What are some best practices for cloud encryption?
With so many companies moving data to the cloud in one way or another, encryption has become a major part of the overall effort of providing cloud security. Many of the biggest questions that companies have are around security, because there are so many risks and liabilities around cyberattacks.
One of the major components of improving cloud encryption involves talking to cloud providers and vendors. Because so much of the actual architecture is on the vendor side, many of the best practices that client companies can comply with involve talking in-depth with vendors and inspecting the vendor's security processes.
Companies should review a service-level agreement (SLA) very closely and ask for a security architecture plan from the vendor to actually see how the vendor's security works. Potential customers should discuss different types of security – security for the perimeter of the network, and segmentation or segregation inside the network, as well as endpoint security, where that is applicable.
In terms of actual encryption strategies, some guidelines can help to perfect how encryption secures data in the cloud. There is the principle of decentralization for the encryption mechanism, and the concept of multiple encryption processes, and there is the principle of good user authentication and the use of audit logs to track network events.
Another type of encryption best practice involves managing multiple encryption keys. This varies according to the architecture – for instance, key management is different for public, private and hybrid cloud setups. Customers should understand when encryption keys are held by the vendor, and when they are held by the client, and how this serves a particular type of security strategy.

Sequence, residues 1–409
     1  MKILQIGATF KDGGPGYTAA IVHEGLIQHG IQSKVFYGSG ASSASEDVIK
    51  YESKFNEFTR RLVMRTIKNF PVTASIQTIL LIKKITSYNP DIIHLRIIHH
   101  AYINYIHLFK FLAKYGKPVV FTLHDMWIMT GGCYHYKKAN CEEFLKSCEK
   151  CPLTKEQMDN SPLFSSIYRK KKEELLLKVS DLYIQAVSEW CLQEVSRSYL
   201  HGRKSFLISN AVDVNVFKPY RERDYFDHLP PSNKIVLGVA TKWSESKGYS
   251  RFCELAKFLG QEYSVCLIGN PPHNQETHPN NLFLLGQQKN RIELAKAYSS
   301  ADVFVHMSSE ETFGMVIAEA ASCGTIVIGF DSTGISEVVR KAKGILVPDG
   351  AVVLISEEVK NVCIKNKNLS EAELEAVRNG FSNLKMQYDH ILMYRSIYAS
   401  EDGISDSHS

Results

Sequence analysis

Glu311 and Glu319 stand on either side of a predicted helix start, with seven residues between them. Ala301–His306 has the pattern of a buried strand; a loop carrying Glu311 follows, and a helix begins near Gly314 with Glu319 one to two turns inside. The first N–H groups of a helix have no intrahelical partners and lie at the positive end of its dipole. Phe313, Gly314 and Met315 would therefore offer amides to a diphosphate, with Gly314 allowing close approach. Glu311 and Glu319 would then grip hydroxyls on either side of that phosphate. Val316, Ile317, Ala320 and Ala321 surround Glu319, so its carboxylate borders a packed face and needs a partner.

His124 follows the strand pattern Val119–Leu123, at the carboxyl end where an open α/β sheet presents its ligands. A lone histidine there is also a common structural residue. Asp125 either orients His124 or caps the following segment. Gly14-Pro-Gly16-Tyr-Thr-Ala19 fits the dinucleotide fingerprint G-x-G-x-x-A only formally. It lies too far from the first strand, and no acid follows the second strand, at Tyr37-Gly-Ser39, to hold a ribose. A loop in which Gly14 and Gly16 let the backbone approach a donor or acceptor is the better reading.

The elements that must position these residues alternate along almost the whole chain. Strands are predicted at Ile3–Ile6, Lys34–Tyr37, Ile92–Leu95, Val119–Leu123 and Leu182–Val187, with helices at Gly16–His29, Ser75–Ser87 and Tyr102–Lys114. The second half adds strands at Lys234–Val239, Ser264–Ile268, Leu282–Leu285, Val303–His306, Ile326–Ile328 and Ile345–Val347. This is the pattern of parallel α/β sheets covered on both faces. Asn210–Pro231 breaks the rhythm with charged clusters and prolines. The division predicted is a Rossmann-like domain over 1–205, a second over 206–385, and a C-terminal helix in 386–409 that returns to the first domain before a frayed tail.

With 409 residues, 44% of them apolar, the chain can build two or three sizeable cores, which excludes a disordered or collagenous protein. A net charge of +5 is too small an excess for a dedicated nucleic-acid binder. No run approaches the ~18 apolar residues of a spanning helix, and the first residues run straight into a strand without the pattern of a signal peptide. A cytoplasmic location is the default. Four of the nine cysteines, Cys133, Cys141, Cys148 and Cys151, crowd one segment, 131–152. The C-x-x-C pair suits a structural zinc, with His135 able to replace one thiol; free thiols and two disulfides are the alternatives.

The Confidential Computing Consortium recommends a hardware-based approach to that allows data to stay encrypted even while it is being processed in memory. This approach, which is called confidential computing, provides an additional layer of security for organizations that process sensitive or regulated data in the cloud.
By connecting with vendors and discussing the actual nuts and bolts of the provider's cybersecurity architecture, customers can be better served. Some experts recommend appointing one person to be responsible for working the back channels of communication in order to ensure both internal customers and public cloud partners prioritize security in the cloud implementation process.
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